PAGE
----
With the corona crisis underway, Macedonian agriculture is to face key challenges as rising uncertainty and unemployment, the lack of seasonal workers for the upcoming harvest, disrupted supply chains as well as the lack of direct measures to support small scale and rural businesses in tackling poverty, analysis by the National Federation of Farmers (NFF) shows.
In cooperation with Swedish-based development cooperation organization We Effect and its partner organisations in the country, a project is being implemented whose aim is not only to strengthen the capacity of the vulnerable communities in Macedonia by providing rapid and efficient response to the corona inflicted threats, but also to pave the way towards their resilient, inclusive and sustainable recovery.
The project Food Security and Economic Empowerment in Macedonia aims to protect, restore and improve the livelihood systems in the communities most affected by the corona crisis. It is implemented by all three partner organisations of We Effect in Macedonia, the National Federation of Farmers (NFF), the Rural Development Network of Macedonia (RDN of NM) and the National Roma Centrum (NRC).
The project is funded and developed in close collaboration with the Swedish Embassy in Macedonia. The total budget of the project that will last until the end of 2020, is SEK 1.500.000.
“Farmers feel these problems and are not powerful enough to deal with them. Through this project we expect that rapid response will minimize disruptions in the food supply chains in accordance with the needs and challenges of farmers, especially women and youth, and to balance supply and demand in agriculture,” NFF president Vaska Mojsovska said.
According to the Swedish Ambassador to Macedonia Kristin Forsgren Bengtsson it is too soon to assess the pandemic’s full consequences, but many measures will be required to counter its effects.
“Sweden has collaborated with We Effect in Macedonia for many years and we find this initiative an important response to mitigate the consequences of the pandemic outbreak related to food security and economic empowerment of the most vulnerable people in Macedonia, not least in the rural areas. Sweden remains a committed development partner to the people of Macedonia,” Swedish Ambassador said.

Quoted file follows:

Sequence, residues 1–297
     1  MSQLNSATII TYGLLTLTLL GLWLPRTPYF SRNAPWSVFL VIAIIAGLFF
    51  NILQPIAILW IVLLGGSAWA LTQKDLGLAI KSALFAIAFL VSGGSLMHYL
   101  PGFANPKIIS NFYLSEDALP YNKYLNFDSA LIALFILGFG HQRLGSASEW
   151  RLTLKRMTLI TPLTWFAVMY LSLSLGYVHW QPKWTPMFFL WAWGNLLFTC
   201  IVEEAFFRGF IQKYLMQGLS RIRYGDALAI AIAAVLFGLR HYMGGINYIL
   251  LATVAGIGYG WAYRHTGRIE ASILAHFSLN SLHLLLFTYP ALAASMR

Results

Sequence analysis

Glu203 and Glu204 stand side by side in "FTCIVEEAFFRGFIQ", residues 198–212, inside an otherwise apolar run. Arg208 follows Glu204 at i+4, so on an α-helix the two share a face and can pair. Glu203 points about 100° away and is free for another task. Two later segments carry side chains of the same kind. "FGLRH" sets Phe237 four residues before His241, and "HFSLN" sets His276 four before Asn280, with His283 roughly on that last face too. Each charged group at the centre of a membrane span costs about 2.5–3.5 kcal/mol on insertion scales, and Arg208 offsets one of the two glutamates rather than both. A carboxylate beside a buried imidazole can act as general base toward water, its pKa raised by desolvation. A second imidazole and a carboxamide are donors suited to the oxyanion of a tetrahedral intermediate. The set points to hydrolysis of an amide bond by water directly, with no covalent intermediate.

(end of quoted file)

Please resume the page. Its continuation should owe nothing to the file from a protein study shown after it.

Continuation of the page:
NFF notes that Macedonia’s rural areas are home to 40 percent of the population and two thirds of its poor people. And with the corona crisis underway even more sinister situation is emerging. Many rural families are finding it unceasingly difficult to make ends meet. Small scale and rural businesses are out of customers, and people who are already balancing on the margin are falling into poverty. The most pressing problems for the farmers are the disrupted supply chains and the lack of seasonal workers for the upcoming harvests.
The exposed vulnerabilities brought upon by the corona crisis are particularly sobering when seen through the prism of the everyday life of the poor Roma people, most of whom work in the grey economy, selling food, clothes or collecting plastic bottles – sources of income which are severely reduced at the moment.
“As the realities of the pandemic started to set in, affecting the livelihoods of the most vulnerable communities in Macedonia, we realized that it’s imperative that we act. I’m hopeful that this project will create positive changes that will ensure more resilient future for smallholder farmers, especially women and youth, as well as the marginalized Roma community,” Anneli Leina, the Regional Director of We Effect Europe, said.
“I’m glad that this project will enable us, not only to directly address these challenges, but also to offer an innovative and long-term solution for economic strengthening of rural areas and providing food for the vulnerable and marginalized communities,” President of the Rural Development Network of Macedonia Petar Gjorgievski said.
The project aims to protect, restore and improve the livelihood systems in the communities most affected by the corona crisis. Through targeted actions immediate results contributing to food security are envisaged by re-establishing or introducing alternative market linkages for the farmers, creation of food hubs and providing economic perspectives for the ones in greatest need, such as the Roma population.